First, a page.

Not every piece of space hardware can say it made its debut in a Hollywood blockbuster but that’s the case with a new lunar rover being developed by a German team, which is set for a Moon landing in 2018.
The four-wheeled Audi Lunar Quattro has a small role in Ridley Scott’s latest movie “Alien: Covenant,” which opens on Friday in China, alongside two-legged actors Michael Fassbender, Katherine Waterston and Billy Crudup.
But if the little lunar rover thought the rigors of filming were tough, its biggest challenge is yet to come. In mid- to late 2018, its makers hope to make it part of the first privately-funded mission to explore the Moon.
“As far as we know it’s the first piece of technology that is due to go into space that’s featured in a movie first,” Kate Arkless Gray of PTScientists, the team behind the new rover, told CGTN during a presentation in Beijing.
3D printing to the moon
PTScientists have been developing the rover for about eight years, first partnering with the German space agency DLR. Then in 2015, they sparked the interest of German automaker Audi, which brought in cutting-edge 3D-printing technology.
This meant components could be built with thinner layers and more spaces between them to reduce weight. In all, 80 percent of the rover was made using 3D printing, including the wheels.
The result is a sleek, light-weight remote-controlled rover with a top speed of 3.6 kilometers per hour that weighs just 35 kilograms, a fraction of the weight of similar devices sent to the Moon by the USSR, USA and China.
Still photo from 'Alien: Covenant'. /VCG Photo
The streamlined look is precisely what grabbed the attention of film director Ridley Scott, who approached PTScientists to use the prototype in his new movie.
“He thought this is a really good fit to have something that’s so advanced looking. It looks much nicer than most (rovers),” Karsten Becker, who operated the rover in the film, told CGTN.
Becker is head of electronics at PTScientists. “When we started out, none of us had actual experience or education in space,” he recalls.
The PTScientists group was originally called Part-Time Scientists, and that's precisely what they were: a group of space enthusiasts with day jobs in IT or software development, who got together to work on a Moon mission in their spare time.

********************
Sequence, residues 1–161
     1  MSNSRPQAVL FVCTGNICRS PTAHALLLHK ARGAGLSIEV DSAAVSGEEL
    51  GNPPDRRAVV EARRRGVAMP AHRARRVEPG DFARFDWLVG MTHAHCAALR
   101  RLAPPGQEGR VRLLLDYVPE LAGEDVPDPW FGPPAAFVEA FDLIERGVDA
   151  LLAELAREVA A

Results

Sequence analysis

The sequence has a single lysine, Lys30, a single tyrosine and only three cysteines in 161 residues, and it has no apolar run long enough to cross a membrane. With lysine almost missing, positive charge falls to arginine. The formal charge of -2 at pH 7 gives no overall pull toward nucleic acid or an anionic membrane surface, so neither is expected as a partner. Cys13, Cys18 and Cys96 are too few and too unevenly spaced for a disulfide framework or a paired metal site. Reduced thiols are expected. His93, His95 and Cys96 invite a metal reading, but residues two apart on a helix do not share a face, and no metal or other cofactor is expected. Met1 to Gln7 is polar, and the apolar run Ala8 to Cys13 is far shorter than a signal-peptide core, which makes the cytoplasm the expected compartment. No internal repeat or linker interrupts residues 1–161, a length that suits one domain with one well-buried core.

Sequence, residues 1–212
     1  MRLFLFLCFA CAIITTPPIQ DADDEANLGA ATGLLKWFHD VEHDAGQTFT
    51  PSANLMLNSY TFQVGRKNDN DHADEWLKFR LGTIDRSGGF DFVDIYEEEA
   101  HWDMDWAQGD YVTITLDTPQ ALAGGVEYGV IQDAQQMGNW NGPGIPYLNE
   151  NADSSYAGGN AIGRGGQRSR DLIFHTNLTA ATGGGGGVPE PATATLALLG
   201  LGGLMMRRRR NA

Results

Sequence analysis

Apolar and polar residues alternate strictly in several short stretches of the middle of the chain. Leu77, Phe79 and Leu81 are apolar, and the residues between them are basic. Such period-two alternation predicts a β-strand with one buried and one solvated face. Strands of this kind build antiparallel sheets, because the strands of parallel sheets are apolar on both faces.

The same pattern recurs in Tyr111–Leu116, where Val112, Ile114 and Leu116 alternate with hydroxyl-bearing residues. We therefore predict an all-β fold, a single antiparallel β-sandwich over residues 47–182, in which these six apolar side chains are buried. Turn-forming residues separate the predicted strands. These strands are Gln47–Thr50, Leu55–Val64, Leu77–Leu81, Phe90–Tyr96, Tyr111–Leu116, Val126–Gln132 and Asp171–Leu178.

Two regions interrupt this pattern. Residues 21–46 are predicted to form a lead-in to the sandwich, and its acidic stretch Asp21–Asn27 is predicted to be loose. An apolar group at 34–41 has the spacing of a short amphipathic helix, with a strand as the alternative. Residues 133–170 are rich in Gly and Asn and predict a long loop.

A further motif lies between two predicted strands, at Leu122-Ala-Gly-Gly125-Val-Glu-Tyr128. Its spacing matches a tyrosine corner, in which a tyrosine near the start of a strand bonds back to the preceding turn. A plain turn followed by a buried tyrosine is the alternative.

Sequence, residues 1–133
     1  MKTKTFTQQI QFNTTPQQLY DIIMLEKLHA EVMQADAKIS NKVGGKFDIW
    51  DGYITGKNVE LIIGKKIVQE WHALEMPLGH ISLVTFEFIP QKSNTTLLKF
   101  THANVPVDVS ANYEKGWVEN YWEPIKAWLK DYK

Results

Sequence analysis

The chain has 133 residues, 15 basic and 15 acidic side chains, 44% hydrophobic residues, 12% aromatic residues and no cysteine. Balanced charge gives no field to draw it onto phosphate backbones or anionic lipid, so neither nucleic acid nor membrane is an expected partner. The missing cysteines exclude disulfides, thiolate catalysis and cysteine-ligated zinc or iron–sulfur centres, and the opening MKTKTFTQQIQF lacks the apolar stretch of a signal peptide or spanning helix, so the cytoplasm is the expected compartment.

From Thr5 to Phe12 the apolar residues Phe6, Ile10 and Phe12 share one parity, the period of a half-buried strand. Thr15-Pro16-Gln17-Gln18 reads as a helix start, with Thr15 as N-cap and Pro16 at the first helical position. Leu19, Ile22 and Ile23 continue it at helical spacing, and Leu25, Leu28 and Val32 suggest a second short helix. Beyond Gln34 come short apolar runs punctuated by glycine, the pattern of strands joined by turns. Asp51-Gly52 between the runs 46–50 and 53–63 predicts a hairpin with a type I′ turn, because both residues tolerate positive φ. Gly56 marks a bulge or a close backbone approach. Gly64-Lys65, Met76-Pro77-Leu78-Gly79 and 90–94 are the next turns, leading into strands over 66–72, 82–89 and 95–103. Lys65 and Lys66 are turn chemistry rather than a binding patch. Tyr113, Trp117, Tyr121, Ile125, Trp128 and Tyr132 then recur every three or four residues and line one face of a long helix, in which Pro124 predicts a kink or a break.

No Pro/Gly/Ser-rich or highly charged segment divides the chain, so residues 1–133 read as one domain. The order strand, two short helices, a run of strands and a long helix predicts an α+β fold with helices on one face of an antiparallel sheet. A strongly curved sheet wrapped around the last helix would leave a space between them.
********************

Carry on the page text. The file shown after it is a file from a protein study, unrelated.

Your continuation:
Karsten Becker with Audi Lunar Quattro. /Photo by Sim Sim Wissgott
Even now the team, headquartered in Berlin, only has around 35 members, not counting their Audi partners. But they have their sights set on much more than just a Moon vehicle.
The team is already developing a space module, ALINA, to land the rover on the Moon. Beyond that, they hope to facilitate access to space for independent researchers in the future.
“We’re interested in providing low-cost access to the surface of the Moon so that anyone that really wants to put anything on the Moon has an opportunity to do so,” said Becker.
Later, PTScientists hope to help build a Moon village. “We’re looking at the whole picture. We’re really aiming to be one of the key suppliers of the Moon village. We want to make that happen. If we wait for NASA and ESA (the European Space Agency) to do it, it will not just take ages it will be horribly expensive.”
Privately-funded space missions
PTScientists are not the only private company to be reaching for the stars. They began as one of over a dozen teams taking part in the Google Lunar X-Prize contest to launch a privately-funded lunar rover by the end of the year.
At this point however, the end of 2017 no longer seems a feasible deadline, according to Becker.
“We hope still to be the first private mission on the moon,” said Gray.
Mission to the Moon
Two Audi Lunar Quattro rovers are now set to take off on board a SpaceX rocket next year from Cape Canaveral, Florida.
The rocket will bring them to Earth's orbit, and the ALINA spacecraft will land them on the Moon.
The two rovers, remote-controlled from the Earth, will be able to film each other on the lunar surface. The goal is to bring them as close as possible to the Apollo 17 moon buggy, abandoned in 1972, to see how it has survived. The mission will last 10.5 days, after which the cold temperatures are expected to shut down the rovers.
Michael Fassbender, Ridley Scott, Katherine Waterston and the Audi Lunar Quattro at the London premiere of 'Alien: Covenant' on May 4, 2017. /Audi/PTScientists Photo
In the meantime, PTScientists are relishing their time in the limelight and being ahead of Hollywood.
“Reality is overtaking fiction in this case, this is the really cool part about it,” said Becker.